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LI batteries normal running temperature


Antonio de Sa

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I would like to get some expert comments/advice of what is normal/ acceptable on LI batteries temperatures.

I've contacted the OEM of my battery and the response was that they are within spec's, herewith graphic of the last 6 hours of the temperatures on my battery been charged at 40 Amps.

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12 minutes ago, 87 Dream said:

Hi @Antonio de Sa, you have this data well documented on grafana. Do you have more data like the same type of info with a time scale vs SoC...I think this will allow for better interpretation. Also where are your packs kept? This temp data is not usual at all. But one needs to see the data in correlation with other stats to make a proper assessment.

87

@87 Dream, Yes, I basically have everything stored an archived on our home server. My son is a top IT programmer, let me show you some of the data I have. I'm going to send you a few.

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52 minutes ago, 87 Dream said:

Hi @Antonio de Sa, you have this data well documented on grafana. Do you have more data like the same type of info with a time scale vs SoC...I think this will allow for better interpretation. Also where are your packs kept? This temp data is not usual at all. But one needs to see the data in correlation with other stats to make a proper assessment.

87

@87 DreamThe battery is a LISA 51.2 V, 100 AH, 5.1 KWh, I've sent the same data to they technical department as I was a bit concerned, they assured me it's normal, here is the response from them and I quote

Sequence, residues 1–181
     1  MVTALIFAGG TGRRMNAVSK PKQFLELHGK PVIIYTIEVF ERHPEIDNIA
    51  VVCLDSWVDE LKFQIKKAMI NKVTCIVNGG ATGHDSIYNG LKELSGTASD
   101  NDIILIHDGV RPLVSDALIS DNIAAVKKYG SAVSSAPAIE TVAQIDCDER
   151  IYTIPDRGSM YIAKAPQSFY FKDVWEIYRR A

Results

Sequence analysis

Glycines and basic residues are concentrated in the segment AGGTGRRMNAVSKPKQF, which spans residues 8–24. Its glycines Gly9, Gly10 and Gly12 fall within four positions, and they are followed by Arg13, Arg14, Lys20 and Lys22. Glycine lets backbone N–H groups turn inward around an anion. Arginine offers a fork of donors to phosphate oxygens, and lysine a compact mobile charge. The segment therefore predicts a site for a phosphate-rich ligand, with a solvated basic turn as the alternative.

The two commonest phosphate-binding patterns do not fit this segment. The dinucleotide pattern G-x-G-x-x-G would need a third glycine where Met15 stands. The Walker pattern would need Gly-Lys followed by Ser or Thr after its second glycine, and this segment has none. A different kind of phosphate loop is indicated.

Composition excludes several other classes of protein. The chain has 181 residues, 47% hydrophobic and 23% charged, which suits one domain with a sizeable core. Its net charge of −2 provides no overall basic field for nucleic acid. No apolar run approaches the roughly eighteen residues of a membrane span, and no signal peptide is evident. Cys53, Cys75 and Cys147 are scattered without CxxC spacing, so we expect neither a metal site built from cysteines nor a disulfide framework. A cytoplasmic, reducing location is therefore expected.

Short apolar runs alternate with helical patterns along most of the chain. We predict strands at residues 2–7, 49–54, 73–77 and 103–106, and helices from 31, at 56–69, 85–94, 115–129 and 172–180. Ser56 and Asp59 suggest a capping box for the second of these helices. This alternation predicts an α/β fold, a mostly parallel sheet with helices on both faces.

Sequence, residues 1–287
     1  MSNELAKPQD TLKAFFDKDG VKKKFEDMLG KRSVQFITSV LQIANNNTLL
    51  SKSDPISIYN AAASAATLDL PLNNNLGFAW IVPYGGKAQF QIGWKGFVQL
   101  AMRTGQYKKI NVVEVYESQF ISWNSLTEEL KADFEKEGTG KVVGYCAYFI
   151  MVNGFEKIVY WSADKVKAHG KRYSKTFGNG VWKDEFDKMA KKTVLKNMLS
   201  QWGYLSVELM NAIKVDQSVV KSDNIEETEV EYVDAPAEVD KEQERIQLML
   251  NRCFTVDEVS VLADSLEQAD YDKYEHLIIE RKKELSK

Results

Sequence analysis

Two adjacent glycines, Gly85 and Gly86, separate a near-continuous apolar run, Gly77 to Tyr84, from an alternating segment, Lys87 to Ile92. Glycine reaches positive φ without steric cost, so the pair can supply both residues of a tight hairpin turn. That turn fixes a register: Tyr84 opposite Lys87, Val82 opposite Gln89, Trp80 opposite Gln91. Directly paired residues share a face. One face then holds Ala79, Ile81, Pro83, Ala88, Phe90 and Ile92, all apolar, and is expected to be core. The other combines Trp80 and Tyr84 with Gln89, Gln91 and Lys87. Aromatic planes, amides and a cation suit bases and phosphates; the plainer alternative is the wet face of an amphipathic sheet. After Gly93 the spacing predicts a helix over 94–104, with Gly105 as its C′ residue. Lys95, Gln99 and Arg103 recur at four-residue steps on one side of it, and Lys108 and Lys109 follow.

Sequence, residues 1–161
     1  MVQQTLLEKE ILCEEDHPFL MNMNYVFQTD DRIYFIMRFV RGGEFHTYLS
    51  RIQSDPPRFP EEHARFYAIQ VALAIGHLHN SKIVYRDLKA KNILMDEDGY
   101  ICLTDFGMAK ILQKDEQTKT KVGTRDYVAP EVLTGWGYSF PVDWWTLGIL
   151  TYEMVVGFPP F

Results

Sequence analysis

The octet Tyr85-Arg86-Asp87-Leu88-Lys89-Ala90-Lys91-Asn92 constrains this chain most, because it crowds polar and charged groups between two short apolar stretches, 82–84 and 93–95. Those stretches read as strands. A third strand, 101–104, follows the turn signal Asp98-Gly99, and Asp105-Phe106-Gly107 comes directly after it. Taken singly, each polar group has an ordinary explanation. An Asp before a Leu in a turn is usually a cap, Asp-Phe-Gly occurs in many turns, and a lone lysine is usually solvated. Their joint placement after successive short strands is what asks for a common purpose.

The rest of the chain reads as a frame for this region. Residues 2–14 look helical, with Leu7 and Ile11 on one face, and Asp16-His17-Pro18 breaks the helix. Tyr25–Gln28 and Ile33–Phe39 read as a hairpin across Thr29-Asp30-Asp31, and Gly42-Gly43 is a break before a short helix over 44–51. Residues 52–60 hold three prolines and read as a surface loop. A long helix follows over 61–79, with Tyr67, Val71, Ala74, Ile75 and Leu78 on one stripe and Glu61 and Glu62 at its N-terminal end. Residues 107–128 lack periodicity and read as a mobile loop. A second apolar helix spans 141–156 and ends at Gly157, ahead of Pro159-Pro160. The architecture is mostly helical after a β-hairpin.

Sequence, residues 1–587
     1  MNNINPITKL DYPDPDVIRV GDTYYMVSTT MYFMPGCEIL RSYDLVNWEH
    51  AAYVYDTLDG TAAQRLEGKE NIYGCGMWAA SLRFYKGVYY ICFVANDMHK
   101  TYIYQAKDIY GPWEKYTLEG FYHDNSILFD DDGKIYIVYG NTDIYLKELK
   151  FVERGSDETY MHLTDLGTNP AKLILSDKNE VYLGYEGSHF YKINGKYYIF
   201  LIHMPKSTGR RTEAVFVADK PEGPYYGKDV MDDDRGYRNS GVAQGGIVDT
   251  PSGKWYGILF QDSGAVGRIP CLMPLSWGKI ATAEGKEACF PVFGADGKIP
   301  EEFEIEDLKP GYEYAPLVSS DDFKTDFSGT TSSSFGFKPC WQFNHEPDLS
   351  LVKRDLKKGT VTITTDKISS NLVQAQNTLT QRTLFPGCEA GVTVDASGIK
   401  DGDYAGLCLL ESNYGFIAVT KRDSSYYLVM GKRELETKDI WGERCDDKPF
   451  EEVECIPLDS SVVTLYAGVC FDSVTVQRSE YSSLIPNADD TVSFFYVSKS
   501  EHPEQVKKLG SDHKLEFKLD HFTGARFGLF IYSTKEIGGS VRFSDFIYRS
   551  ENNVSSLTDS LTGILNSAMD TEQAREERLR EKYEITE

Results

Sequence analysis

Hi Antonio,

 

All looks good.

The temperatures are within range.

 

Edited by Antonio de Sa
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9 minutes ago, 87 Dream said:

Without knowing the exact charge profile off the top of my head, Im not that good of a boff unfortunately. What your data shows is that the only time your battery pack went above the 30 degrees mark was when your charge amps went above 39A to 40A. +- 08:30 to 09:30.

I have no clue about the pylontech or even in which environment you keep these batteries but what i can suggest if you are very concerned and have the time to test and evaluate data. Set your charge setting to 30A and check your temperature profile data on completion of the charge cycle. Then do another adjustment to 35A and check the temperature profile again.

That way you can eliminate the environmental site of your batteries or the Charge amps being too high. What i will comment on is that if charging at 30A vs 40A buys you a more stable cooler battery, i think you will benefit from that Amperage adjustment in terms of cycles long term. Less stress on your pack and it will take marginally longer to charge. Its a trade off but in your favor.

Maybe other Pylontech operators can comment but in my experience of machine and battery operations this is what my gut tells me.

87

@87 Dream the battery is not Pylontech, it's a LISA battery, they are rated to 50 Amps charge, but I will reduce the charging current to 30 amps and monitor it for a few days. Thanks for the reply. Regards.

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4 minutes ago, 87 Dream said:

My apologies for this assumption. So i will make another assumption and apologise if this second assumption is incorrect. Are the Batteries LBSA?